The most obvious visible difference between the early car and today’s is the width – it’s an even six inches wider to accommodate today’s wide low profile tires.
It’s certainly recognizable as a 911, but the 992’s windshield is lower and more steeply raked, the roofline slopes more gradually, and – those wheels!
In the last 55 years, the car’s wheelbase has stretched nine and a half inches, each increase moving the rear engine farther ahead in relation to the rear axle, for a little less tail-wagging rear weight bias. A 20 millimeter shift forward of the engine mounts this year also helps.
The 2020 911 is more than a foot longer, reportedly about an inch longer than the 991; so it’s up perhaps 14 inches overall at 177.9 inches. The only place it’s shrunken is in height, down 1.1 inches – that wide open feel from the tall windshield of my 1967 may have diminished somewhat.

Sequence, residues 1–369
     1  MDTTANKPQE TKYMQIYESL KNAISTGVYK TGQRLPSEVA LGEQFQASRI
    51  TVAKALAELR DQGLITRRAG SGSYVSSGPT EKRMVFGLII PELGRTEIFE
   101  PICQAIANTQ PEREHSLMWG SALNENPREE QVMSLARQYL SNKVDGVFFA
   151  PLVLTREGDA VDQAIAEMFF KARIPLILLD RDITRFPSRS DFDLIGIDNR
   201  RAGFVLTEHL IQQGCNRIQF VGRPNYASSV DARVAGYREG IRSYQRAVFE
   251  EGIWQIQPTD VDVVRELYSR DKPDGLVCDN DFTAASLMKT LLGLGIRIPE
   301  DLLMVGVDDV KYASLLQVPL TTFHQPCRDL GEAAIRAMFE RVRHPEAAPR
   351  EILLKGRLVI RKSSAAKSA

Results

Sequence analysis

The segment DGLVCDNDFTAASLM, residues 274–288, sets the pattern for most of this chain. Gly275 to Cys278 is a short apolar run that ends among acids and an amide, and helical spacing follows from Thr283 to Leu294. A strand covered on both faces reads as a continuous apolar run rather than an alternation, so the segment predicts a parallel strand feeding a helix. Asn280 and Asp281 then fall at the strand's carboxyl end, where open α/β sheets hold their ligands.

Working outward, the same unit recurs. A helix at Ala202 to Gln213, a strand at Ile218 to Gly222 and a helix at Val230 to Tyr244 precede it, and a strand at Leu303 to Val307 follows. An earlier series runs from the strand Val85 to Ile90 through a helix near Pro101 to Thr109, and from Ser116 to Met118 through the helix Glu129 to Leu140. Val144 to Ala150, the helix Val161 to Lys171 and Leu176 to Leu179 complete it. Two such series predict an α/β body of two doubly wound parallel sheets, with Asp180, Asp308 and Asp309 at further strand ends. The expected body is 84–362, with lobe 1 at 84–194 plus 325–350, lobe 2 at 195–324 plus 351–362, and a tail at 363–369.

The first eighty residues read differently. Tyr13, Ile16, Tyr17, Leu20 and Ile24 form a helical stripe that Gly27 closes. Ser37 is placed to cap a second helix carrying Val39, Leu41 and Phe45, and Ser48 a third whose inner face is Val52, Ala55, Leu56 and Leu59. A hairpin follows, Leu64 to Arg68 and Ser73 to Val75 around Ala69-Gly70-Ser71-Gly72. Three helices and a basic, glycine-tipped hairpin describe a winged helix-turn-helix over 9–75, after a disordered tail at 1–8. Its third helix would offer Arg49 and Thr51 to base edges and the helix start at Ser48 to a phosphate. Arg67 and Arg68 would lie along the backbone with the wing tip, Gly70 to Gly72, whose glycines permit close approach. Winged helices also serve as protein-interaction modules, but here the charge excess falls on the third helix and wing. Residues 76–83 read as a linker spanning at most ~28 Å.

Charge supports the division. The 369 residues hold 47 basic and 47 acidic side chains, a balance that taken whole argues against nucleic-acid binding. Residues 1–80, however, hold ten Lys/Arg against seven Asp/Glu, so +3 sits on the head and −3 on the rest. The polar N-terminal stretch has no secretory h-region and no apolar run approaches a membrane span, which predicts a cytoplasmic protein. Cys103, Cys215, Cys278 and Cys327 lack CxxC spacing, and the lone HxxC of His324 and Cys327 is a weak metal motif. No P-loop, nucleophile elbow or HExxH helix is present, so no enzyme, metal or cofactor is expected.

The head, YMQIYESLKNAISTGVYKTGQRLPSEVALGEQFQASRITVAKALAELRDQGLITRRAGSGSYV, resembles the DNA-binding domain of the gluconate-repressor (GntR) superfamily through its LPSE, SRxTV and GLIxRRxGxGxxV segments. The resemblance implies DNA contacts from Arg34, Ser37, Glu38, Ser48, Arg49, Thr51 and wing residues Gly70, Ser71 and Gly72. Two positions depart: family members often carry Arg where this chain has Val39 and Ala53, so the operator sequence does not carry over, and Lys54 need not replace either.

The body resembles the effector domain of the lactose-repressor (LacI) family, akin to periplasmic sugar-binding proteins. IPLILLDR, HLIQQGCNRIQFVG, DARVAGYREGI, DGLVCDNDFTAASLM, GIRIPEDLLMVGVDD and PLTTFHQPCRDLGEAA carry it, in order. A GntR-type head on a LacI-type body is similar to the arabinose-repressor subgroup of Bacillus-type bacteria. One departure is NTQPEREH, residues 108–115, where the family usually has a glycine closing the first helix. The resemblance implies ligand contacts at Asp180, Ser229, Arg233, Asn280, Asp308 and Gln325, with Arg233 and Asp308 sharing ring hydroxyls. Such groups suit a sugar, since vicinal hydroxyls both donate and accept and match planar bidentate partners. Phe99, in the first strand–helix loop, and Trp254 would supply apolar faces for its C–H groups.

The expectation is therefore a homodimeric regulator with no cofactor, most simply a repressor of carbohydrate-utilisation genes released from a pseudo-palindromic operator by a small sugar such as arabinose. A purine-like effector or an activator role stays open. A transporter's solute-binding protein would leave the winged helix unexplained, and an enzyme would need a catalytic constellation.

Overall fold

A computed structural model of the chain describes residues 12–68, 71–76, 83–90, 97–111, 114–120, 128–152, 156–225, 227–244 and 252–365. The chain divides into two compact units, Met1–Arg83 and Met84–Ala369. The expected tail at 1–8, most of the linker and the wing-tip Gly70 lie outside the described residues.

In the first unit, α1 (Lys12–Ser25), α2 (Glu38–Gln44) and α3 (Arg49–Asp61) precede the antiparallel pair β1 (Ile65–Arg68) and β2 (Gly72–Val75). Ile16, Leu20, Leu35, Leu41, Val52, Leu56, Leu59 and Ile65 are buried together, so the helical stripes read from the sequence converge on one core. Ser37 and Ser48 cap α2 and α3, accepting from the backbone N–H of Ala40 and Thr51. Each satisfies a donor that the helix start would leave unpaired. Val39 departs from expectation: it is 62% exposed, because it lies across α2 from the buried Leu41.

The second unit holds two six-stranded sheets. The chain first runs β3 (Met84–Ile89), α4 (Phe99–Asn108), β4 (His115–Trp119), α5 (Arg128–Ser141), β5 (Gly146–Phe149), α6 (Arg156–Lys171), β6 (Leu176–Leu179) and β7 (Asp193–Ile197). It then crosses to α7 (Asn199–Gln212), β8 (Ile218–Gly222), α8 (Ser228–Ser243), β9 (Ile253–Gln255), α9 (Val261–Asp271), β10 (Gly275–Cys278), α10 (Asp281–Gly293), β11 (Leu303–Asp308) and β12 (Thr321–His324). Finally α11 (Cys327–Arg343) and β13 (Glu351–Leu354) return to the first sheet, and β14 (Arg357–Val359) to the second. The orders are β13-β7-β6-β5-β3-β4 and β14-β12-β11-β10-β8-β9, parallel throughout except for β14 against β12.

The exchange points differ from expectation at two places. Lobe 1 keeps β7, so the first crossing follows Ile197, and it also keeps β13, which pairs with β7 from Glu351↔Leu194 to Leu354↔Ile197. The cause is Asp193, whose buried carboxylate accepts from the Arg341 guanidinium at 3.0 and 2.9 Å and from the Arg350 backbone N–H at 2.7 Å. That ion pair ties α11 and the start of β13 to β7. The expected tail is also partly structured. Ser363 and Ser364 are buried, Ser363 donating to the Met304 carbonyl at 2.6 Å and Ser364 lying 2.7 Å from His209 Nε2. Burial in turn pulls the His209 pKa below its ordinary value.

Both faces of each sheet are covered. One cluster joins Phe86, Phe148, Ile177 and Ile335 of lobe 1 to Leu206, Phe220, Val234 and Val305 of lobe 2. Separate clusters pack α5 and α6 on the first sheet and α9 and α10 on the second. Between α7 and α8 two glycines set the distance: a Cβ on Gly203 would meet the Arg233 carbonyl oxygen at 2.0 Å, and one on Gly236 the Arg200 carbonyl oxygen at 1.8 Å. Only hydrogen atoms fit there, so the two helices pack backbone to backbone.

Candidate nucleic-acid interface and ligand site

Some basics have not changed. The 2020 car is still a rear-engine, rear-drive car powered by a horizontal opposed six-cylinder engine. The biggest change is a sacrilege – there is no manual transmission. Instead power is transmitted to the rear wheels (and the fronts in the 4S) through an eight-speed version of their dual-clutch PDK gearbox.
The torsion bars in the original suspension got twisted into coils in 1989 with the 964, and air cooling gave way to a radiator and related plumbing with the 993 in 1994. Four-valve heads arrived in the 996 in 1997.
With the added inches and plumbing, you know it’s also added weight, a whopping 40.3% increase over 55 years – almost a half a ton more, 959 pounds – for a road-hugging 3,340.